I never thought I would get married, but now I am. I used to think marriage is unnecessary and even a bit stupid, but I guess that was one of the things I changed my mind about over time. Especially when I knew how important getting married was to the love of my life, how could it not get important to me?
We had a civil wedding a few months back to get our legal marriage certificates, and then we had a blessing conducted by one of the pastors of our own church on the 20th of September. Even though the civil wedding out of a legal point would be considered our “real wedding”, I didn’t feel that it was for real before the church ceremony. During the civil wedding we only had four witnesses, while we during the church wedding celebrated with about 50 of our closest family members and friends.
We had a very much DIY- wedding, we barely hired anyone to do anything, but the ceremony and the reception came together by a lot of helpful and inspirational friends and family members. It was not perfect looking, or perfectly organized, but it was still a great day – I would not have traded it for something “perfect” made by a wedding planner, because thinking about the time people dedicated into making our day special just makes it worth so much more.
I will not post a lot of pictures of us or the guests here, it feels too private for such a public blog, but I will give you pictures of details, and of course of the food and the cake. We had our pictorial outdoors, surrounded by amazing autumn colors. Our photographer was Ann-Britt Pada, and some of the pictures from the pictorial can actually be seen on her website.
My dress was made by R’s aunt in the Philippines, so I could choose any style I liked and also request for the materials to make sure it was vegan. Since the dress was made in the Philippines and I’m here in Finland, I could of course not try it on during the process of making it, so unfortunately it was just a little too big when it arrived and we had to quick fix it with some safety pins. R was wearing a Barong Tagalog, the Filipino national shirt, made out of pineapple and synthetic silk.
When it came to the bouquet, I wanted it to match the autumn colors around us and spice up my otherwise very white appearance, so it was made with different types of flowers in red, yellow and orange shades.
The place was mainly decorated by a friend of ours, but R made some of the details.
We didn’t have catering for the food, but it was made by some friends of ours, and they were also the ones to mainly decide the menu. We actually didn’t taste the different dishes prior to the wedding, but we trusted our “chefs” and it turned out great. Here’s the food we had on our buffet table (bigger version of the pictures can be seen by clicking them):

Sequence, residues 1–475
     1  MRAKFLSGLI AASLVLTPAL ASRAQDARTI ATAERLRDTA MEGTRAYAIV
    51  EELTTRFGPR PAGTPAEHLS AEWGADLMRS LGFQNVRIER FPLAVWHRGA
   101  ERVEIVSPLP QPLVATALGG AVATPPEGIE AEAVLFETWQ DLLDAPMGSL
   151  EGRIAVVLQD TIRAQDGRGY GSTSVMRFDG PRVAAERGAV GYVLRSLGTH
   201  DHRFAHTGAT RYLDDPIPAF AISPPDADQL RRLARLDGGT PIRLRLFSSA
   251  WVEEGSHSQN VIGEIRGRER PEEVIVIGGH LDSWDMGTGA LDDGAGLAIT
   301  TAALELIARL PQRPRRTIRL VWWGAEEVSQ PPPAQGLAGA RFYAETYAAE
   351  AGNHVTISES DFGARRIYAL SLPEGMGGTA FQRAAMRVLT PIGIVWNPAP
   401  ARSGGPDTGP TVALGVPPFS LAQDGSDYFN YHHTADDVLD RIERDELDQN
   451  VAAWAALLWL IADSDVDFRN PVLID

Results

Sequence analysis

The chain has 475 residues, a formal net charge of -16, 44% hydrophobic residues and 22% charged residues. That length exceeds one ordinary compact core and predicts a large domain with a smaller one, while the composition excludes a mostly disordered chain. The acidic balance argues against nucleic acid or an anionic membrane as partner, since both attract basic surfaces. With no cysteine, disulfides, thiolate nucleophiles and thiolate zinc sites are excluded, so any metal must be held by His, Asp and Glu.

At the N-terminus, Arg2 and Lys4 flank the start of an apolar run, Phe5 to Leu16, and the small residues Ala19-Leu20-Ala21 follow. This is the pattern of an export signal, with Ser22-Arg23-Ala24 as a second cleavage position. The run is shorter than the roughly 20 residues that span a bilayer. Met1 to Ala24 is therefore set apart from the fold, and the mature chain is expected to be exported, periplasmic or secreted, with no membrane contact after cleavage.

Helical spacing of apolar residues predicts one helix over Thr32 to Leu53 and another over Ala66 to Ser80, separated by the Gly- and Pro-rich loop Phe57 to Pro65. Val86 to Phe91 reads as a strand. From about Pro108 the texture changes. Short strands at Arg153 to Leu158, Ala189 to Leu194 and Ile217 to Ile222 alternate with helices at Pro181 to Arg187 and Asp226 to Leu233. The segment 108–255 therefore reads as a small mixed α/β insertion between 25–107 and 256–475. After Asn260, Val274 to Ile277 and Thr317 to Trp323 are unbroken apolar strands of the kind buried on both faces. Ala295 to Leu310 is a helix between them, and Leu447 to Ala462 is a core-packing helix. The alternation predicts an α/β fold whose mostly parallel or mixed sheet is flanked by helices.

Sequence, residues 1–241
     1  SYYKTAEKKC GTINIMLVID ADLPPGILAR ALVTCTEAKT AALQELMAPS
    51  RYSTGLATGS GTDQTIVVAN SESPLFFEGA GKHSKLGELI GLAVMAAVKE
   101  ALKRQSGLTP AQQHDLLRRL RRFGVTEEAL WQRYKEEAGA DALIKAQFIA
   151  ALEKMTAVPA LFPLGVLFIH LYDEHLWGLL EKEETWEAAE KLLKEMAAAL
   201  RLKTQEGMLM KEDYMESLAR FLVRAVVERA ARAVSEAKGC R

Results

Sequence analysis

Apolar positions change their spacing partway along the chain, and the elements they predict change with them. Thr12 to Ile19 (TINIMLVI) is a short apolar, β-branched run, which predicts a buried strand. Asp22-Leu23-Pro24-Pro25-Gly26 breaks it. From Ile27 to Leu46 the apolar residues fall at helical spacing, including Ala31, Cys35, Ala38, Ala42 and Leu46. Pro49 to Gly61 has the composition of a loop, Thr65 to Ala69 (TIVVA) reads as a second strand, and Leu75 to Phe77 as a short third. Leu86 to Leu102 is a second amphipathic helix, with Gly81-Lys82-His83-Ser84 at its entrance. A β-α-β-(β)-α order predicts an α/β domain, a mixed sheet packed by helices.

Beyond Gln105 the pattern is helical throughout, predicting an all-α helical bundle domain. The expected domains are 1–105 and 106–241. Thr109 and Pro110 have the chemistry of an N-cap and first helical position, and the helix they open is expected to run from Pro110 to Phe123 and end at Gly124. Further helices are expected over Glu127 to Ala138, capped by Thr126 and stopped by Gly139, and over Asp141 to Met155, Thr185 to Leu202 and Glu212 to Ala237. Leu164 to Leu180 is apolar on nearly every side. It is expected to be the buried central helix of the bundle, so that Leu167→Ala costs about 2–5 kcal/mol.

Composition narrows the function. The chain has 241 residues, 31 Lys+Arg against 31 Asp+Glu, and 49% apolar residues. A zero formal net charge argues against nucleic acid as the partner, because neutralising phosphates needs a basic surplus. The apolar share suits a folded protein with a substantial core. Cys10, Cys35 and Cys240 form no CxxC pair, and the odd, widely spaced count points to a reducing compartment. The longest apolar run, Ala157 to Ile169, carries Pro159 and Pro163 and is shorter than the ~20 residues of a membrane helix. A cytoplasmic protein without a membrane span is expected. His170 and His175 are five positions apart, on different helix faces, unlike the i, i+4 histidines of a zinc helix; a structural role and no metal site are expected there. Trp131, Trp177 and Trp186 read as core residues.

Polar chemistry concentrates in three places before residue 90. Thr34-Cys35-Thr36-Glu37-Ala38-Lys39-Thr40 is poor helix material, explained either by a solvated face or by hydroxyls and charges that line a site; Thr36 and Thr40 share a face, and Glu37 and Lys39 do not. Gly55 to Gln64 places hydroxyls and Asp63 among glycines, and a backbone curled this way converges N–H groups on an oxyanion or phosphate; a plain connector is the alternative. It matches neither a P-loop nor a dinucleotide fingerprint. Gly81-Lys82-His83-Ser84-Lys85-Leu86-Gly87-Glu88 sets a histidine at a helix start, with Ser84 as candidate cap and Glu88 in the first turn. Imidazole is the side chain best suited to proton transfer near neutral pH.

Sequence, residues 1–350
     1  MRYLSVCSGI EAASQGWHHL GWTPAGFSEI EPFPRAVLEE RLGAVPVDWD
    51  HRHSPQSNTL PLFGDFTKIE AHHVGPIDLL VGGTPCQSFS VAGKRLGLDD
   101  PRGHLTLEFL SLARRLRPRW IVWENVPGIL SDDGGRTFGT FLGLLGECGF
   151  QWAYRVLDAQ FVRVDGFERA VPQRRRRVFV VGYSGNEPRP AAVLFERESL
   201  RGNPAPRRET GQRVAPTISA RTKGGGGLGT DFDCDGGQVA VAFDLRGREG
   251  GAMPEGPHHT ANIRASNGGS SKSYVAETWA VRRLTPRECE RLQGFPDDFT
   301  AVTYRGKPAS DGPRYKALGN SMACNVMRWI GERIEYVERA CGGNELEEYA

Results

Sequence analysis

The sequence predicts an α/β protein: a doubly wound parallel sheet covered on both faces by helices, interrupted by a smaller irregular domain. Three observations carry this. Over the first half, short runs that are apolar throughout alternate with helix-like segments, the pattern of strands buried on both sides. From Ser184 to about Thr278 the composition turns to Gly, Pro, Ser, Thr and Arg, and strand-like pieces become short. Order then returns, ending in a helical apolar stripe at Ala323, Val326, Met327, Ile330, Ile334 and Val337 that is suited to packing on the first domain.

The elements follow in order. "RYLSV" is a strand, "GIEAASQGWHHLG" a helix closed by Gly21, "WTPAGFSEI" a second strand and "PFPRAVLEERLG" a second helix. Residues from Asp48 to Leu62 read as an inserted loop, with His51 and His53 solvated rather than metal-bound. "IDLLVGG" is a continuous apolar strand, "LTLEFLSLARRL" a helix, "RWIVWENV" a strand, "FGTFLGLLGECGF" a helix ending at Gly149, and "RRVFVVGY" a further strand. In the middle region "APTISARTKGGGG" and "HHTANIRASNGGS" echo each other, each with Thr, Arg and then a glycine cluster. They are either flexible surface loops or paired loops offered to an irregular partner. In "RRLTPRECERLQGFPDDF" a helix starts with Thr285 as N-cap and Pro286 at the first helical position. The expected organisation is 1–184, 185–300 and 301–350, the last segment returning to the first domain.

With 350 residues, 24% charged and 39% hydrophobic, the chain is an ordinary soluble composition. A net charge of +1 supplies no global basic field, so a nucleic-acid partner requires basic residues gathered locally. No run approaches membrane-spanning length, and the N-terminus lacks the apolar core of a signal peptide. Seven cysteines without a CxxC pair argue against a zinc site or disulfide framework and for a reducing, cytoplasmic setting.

- Afritada, a Filipino dish
- Stir fried vegetables with tofu
- Red beet patties
- Vegetarian spring rolls
- Fresh salad with olives and sun-dried tomatoes on the side
The wedding cake was made by the vegetarian restaurant Vegana. They don’t officially cater cakes yet, but we still asked them if it would be possible for them to make our cakes, and they agreed. Maybe in the future they will really cater cakes also officially. We asked for chocolate cakes since I’m a big chocolate maniac – and we got to taste the cake with to different fillings a few days prior to the wedding. One of the fillings was strawberries and chia seeds, the other one a kind of chocolate mousse and finely chopped pears. We could not really decide which one we wanted to have, so since we would have several smaller cakes we decided to have a few of each.
One of our friends created the program and many of the guests also contributed with something during the party. R even did a surprise dance for me together with some friends!
All in all, we had a really great day, much because of all the amazing people who helped us and who attended the wedding. Thank you so much, we could not have done it without you!
For sure this wedding was also one of the best advocacies I’ve done for vegan food, because it changed the way many of the guests look at vegan food. My grandfather told me he was skeptical towards the food before eating – because he had no idea what vegan food actually means and probably thought it was all about lettuce and carrots – but he liked the food very much and even asked me for the recipes so that they could make it at home. How is that for success?